Carnival of Space #141

Wel­come to the 141st edi­tion of Car­ni­val of Space. Hub­ble Top Star award-winner, Star­ryCrit­ters is host this week to the blogosphere’s most inter­est­ing astron­omy posts of the week. With Mardi Gras begin­ning Feb­ru­ary 16th, Galileo’s 446th birth­day on Feb­ru­ary 15th, and the 20th anniver­sary of Voyager’s Fam­ily Por­trait on the 13th, this is a great week to visit the Car­ni­val. Strap your­selves in, we’re going for a ride.

The (maybe not) last night launch of Space Shut­tle Endeavor seemed to cap­ture the com­bined enthu­si­asm of the world includ­ing Robert Pearl­man at Col­lect­SPACE. As I was fol­low­ing Nancy Atkinson’s tweets, I could tell the event left her speech­less. After col­lect­ing her thoughts, she had time to fill us in on her expe­ri­ence on her per­sonal blog. And since we have more than 140 words, here it is included for free.

The night launch of a space shut­tle is a won­der­ful sight, says Alan Boyle of Cos­mi­cLog. Sadly, it’s a sight we may never see again. The views gets even bet­ter when you’re in space. Tour space inside and out.

On the heels of Endeavor’s meetup to deliver Tran­quil­ity Node 3 to the ISS, Solar Dynamic Obser­va­tory soared into orbit to study the Sun. Nancy Atkin­son, from our host Uni­ver­se­To­day, cov­ered the SDO launch for us. Two launches are bet­ter than one. Noisy Astronomer, Nicole Gugli­ucci con­tin­ues our cov­er­age of SDO with more insight into the sci­ence goals. Thanks for keep­ing us up-to-date at the SDOisGO Tweetup, Nicole.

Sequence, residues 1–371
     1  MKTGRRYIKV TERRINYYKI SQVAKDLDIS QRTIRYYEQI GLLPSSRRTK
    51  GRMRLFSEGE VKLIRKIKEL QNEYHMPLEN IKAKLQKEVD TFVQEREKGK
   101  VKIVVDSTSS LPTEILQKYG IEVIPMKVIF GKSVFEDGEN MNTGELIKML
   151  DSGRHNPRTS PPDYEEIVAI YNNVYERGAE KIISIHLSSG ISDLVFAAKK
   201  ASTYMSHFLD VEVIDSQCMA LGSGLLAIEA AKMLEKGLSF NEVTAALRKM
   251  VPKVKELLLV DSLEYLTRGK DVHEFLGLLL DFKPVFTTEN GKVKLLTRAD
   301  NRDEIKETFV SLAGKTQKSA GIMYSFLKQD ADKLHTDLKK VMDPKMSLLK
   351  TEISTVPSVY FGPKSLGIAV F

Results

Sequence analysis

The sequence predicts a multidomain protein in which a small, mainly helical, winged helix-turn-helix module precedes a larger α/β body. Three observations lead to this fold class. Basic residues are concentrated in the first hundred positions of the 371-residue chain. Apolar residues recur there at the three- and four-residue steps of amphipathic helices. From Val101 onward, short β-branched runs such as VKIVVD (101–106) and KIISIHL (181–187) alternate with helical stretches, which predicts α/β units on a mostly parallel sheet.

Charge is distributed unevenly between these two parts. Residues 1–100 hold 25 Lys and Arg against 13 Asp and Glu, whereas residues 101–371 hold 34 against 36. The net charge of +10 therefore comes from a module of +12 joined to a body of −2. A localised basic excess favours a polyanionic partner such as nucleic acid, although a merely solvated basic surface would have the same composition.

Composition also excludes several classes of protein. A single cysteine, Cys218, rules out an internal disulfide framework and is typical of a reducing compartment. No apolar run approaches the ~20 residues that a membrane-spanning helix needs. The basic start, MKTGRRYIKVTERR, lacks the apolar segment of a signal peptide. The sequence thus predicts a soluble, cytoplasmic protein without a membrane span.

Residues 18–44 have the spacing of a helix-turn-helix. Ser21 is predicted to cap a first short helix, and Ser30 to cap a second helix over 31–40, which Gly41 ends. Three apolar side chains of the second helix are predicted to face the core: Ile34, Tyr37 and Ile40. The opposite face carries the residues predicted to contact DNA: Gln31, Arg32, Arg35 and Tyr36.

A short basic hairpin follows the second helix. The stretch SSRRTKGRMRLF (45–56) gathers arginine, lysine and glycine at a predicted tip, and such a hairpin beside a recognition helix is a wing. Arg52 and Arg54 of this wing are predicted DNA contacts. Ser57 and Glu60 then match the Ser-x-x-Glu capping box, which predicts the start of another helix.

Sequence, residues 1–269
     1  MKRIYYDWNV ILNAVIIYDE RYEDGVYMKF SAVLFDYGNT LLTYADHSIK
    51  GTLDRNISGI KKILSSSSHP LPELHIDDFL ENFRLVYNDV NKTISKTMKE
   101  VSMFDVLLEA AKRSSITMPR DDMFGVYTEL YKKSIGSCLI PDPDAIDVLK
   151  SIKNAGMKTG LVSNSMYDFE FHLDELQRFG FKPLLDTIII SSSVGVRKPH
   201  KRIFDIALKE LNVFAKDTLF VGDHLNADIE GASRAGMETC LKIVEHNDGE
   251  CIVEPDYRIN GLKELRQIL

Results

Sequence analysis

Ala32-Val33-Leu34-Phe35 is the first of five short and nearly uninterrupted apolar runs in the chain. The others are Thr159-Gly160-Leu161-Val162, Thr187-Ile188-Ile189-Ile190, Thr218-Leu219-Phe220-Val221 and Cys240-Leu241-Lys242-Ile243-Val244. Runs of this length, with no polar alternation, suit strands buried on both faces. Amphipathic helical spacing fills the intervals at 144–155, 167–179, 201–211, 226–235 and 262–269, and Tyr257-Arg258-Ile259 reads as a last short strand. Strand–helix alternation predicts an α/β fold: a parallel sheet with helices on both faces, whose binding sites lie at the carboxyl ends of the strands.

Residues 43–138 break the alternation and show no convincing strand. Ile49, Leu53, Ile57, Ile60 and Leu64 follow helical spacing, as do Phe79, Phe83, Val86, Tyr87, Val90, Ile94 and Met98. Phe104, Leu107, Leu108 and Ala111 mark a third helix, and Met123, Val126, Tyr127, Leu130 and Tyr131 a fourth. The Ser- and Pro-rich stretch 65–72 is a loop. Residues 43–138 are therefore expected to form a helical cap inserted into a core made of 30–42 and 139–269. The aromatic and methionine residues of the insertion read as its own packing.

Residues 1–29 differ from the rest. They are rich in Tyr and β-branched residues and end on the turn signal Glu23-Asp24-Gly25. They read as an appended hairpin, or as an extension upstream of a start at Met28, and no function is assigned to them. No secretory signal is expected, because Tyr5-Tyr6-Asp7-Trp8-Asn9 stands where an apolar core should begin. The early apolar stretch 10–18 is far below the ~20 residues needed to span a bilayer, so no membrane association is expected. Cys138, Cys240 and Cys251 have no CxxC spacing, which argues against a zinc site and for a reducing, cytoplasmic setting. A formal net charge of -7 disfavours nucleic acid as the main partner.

Also get­ting ready for launch at the Kennedy Space Cen­ter is SpaceX’s Fal­con 9 rocket. Brian Wang at the Next Big Future tells us the pri­vate launch firm is tar­get­ing a March 8, 2010 launch date.

Next Big Future also reports on MIT work to power and move Rubik’s Cube-sized satel­lites, known as Cube­Sats. This new elec­tric propul­sion tech­nol­ogy aims to give the tiny, ver­sa­tile sats more mobil­ity; maybe even to deep space.

Wayne Hall at Ken­tucky Space pro­vides this video update from Jef­frey Man­ber on the work to make afford­able, repeat­able micro-gravity research avail­able on the Inter­na­tional Space Sta­tion. Not to be con­fused with Cube­Sats, the first of three planned NanoRacks, along with the first two “Cube­labs,” will fly on Shut­tle STS-131 in March to the station.

Eva-Jane Lark of Out of the Cra­dle inter­viewed Hoyt David­son of Near Earth LLC for this install­ment of “EVA Interviews.”

Much dis­cus­sion con­tin­ues about the redi­rec­tion NASA announced ear­lier in Feb­ru­ary. Dr. Bruce Cordell, of 21stCenturyWaves explains that NASAs “New Par­a­digm” sup­ports “Maslow Win­dow Fore­casts”. Aron Sora of Habi­ta­tion Inten­tion presents a counter-argument to his posi­tion in sup­port of a lunar base.

If you weren’t wowed by the night-time launch of the shut­tle, per­haps you’ll enjoy a one-of-a-kind twin auro­ral light show spot­ted on Sat­urn by the Hub­ble Space Tele­scope. Sci­en­tists used the less well-known ultra­vi­o­let capa­bil­i­ties of Hub­ble to give us this shot. Both Emily Lak­dawalla, of the Plan­e­tary Soci­ety blog and Alan Boyle, writ­ing in Cos­mi­cLog mar­vel the rare dou­ble aurora.

At the other end of the elec­tro­mag­netic spec­trum and from the earth­bound ESO VISTA sur­vey tele­scope, explore the new, near-infrared image of the Orion Neb­ula at Star­ryCrit­ters and Bente Lilja Bye’s Plan­et­bye blog. There is a fea­ture at Star­ryCrit­ters that allows you to view the image full-screen. Click the far-right but­ton on the tool­bar to enter.